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Cablegate: Codel Meeks: Praise for "Chilean Way;" Excellent

VZCZCXYZ0000
RR RUEHWEB

DE RUEHSG #1117/01 3531946
ZNR UUUUU ZZH
R 181946Z DEC 08
FM AMEMBASSY SANTIAGO
TO RUEHC/SECSTATE WASHDC 4155
INFO RUEHBO/AMEMBASSY BOGOTA 2216
RUEHBR/AMEMBASSY BRASILIA 0588
RUEHBU/AMEMBASSY BUENOS AIRES 1194
RUEHLP/AMEMBASSY LA PAZ DEC LIMA 5862

UNCLAS SANTIAGO 001117

SENSITIVE
SIPDIS

E.O. 12958: N/A
TAGS: OVIP PGOV PREF CI
SUBJECT: CODEL MEEKS: PRAISE FOR "CHILEAN WAY;" EXCELLENT
BILATERAL RELATIONSHIP WILL CARRYOVER TO NEW U.S.
ADMINISTRATION

REF: SANTIAGO 1105

------
Summary
-------

1. (SBU) Visiting CODEL Meeks emphasized to Acting President
Perez Yoma that Chile's success in reducing poverty,
establishing democratic institutions, and committing to open
trade policies was much appreciated in the U.S., and that its
policy choices are worthy of emulation. Chairman Meeks was
confident the "excellent" U.S.- Chile relationship would be
continued by the incoming U.S. adminstration. Perez Yoma
noted Chilean satisfaction with the state of relations -
"normal and low-profile" - with occasional disputes (such as
on trade) resolved amicably. Perez Yoma worried about the
global financial crisis which, he said, would hit Chile
"hard" early in 2009. Perez Yoma also informally agreed to a
request to station some DEA personnel expelled from Bolivia
in Chile. End summary.

2. (U) Representative Gregory Meeks (D-NY) led a CODEL to
Chile December 15-17, joined by Ruben Hinojosa (D-TX) and
Paul Ryan (R-WI). The three met December 16 with Interior
Minister Edmundo Perez Yoma (acting also as President during
the absence of Michelle Bachelet, who was in Brazil) to
discuss the overall state of U.S.- Chile relations. Also at
the meeting were Ambassador Simons, E/Pol Counselor, several
CODEL staffers, and a GOC notetaker.

--------------------
Spread the Good News
--------------------

3. (SBU) Chairman Meeks told Perez Yoma he wanted "to thank
Chile and President Bachelet" for being such a good friend to
the U.S. The U.S.-Chile Free Trade Agreement (FTA) had laid
the foundation for enhanced cooperation and had also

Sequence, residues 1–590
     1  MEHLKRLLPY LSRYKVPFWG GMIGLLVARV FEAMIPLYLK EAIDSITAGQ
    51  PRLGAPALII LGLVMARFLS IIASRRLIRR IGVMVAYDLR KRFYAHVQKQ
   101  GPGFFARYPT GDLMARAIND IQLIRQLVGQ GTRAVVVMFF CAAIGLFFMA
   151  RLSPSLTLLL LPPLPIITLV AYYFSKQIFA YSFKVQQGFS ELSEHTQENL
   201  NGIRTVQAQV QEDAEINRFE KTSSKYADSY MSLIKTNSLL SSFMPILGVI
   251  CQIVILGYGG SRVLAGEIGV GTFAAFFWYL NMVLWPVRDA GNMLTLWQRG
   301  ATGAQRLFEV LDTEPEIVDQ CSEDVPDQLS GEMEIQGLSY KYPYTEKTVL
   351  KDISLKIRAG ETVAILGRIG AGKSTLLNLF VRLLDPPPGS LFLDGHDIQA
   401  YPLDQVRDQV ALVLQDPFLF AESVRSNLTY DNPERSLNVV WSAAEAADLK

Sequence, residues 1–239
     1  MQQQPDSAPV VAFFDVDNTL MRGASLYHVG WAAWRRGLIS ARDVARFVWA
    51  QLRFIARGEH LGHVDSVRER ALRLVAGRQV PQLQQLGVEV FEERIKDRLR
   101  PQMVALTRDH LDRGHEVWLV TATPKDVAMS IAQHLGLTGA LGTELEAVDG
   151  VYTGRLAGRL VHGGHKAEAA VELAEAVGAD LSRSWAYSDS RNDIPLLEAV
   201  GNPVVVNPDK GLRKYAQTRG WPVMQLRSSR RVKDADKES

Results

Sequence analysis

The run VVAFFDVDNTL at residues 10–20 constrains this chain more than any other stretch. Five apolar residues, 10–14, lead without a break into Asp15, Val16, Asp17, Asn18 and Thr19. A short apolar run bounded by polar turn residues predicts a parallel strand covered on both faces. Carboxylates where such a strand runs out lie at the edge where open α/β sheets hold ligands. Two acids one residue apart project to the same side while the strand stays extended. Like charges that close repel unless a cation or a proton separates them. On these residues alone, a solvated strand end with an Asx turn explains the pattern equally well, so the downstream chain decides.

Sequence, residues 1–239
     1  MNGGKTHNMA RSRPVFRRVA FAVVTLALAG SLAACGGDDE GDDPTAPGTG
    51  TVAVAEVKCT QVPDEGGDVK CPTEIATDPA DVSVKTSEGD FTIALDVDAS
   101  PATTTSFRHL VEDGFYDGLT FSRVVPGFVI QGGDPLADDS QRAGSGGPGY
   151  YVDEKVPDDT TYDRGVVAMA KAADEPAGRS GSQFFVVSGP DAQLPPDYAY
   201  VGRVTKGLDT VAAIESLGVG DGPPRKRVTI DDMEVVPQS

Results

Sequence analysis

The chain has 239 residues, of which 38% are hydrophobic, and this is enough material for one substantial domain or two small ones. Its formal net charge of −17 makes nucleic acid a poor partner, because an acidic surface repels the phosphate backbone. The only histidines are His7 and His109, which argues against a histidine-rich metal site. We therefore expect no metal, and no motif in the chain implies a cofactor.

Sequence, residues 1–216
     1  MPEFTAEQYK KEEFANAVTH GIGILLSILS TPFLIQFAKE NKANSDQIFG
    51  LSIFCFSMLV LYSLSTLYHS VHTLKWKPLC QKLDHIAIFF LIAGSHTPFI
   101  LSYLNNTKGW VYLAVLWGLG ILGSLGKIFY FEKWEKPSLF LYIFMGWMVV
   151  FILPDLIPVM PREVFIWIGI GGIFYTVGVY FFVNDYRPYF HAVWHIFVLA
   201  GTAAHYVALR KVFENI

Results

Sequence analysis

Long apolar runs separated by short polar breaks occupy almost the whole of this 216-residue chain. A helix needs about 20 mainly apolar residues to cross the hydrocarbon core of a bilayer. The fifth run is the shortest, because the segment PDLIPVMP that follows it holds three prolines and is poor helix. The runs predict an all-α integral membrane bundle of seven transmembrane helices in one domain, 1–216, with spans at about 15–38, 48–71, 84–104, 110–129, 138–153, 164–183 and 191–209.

benefited both sides economically. This was a message that
had to be broadcast widely. Moreover, Chile's ability to
reduce poverty drastically, establish firm democractic
institutions, and establish open trade ties globally was
"nothing short of miraculous." Meeks stressed his view that
others should "get the hint" and follow the model. Meeks
offered that the U.S.-Chile relationship is great and that
the incoming U.S. administration would want to build on the
strong foundation. Meeks said that President-elect Obama
understands the regional approach necessary to resolve issues
in Latin America and noted, also, that the President-elect
had voted for the U.S.-Peru FTA. His CODEL reflected, too, a
bipartisan approach to maintaining good relations with Chile.

4. (SBU) Perez Yoma replied that President-elect Obama's
election had been viewed "very favorably" in Chile,
especially by its youth, who all wanted to be the "Chilean
Obama." Perez Yoma described relations as "very good,"
thanks in part to a stream of U.S. ambassadors who had worked
to maintain "low-profile, normal" relations. Trade issues,
including agricultural disputes, had been resolved
expeditiously; both sides work well together. Perez Yoma
expected relations to remain on a positive, even-keel with
the new U.S. administration.

---------------------------
Chile Awaits the Other Shoe
---------------------------

5. (SBU) Rep. Ryan noted he was impressed with the Chilean
pension system. Perez Yoma replied that the system was still
functioning well, despite the global financial breakdown,
although pension holdings had dropped dramatically. He had
been surprised by the relatively low level of "political
criticism" the losses had generated. Perhaps there is "faith
in the system; if it can survive this, it can survive
anything." Perez Yoma continued that Chile had yet to see
the worst of the financial crisis. While the overall
national unemployment rate was still only at 8.2 percent, he
expected that to rise to 10.5 percent by March/April 2009,
when seasonal agricultural and service industry jobs petered
out. And in some regions dependent on exports - such as the
BioBio region - where the forest industry was already
suffering, unemployment could reach 15 percent.

---------
OK to DEA
---------

6. (SBU) Both Chairman Meeks and Rep. Hinojosa strongly
seconded the Ambassador's request to Perez Yoma that Chile
accept the stationing in Chile of some DEA personnel expelled
from Bolivia; the Ambassador noted the expulsions could have
destabilizing effects in the region. Perez Yoma agreed to
the request (reftel).

---------------------
Other Regional Topics
---------------------

7. (SBU) Noting that the CODEL was moving on next to Buenos
Aires, Rep. Ryan asked for any counsel Perez Yoma might offer
on what to watch out for when meeting with Argentine
interlocutors. Perez Yoma, who had served as Chilean
ambassador to Argentina, bemusedly observed that Argentina is
the "most disconcerting country you'll ever see." While on
the surface much seems to function well - "absolutely first
world" - the political decision-making process is
"unfathomable and the most disorganized ever." Perez Yoma
also said Chile continued to view developments in Bolivia,
where the situation remains "fluid and difficult," with
serious concern. Venezuelan influence is problematic,
although thanks to the diminishing price of oil, Chavez will
have less money with which to influence.

8. (U) The meeting closed with Chairman Meeks suggesting
that, in its contacts with the Obama transition team, the GOC
urge passage of the U.S.-Colombia FTA, stressing its
importance to regional integration and economic growth.

9. (U) CODEL Meeks did not clear this message.
SIMONS

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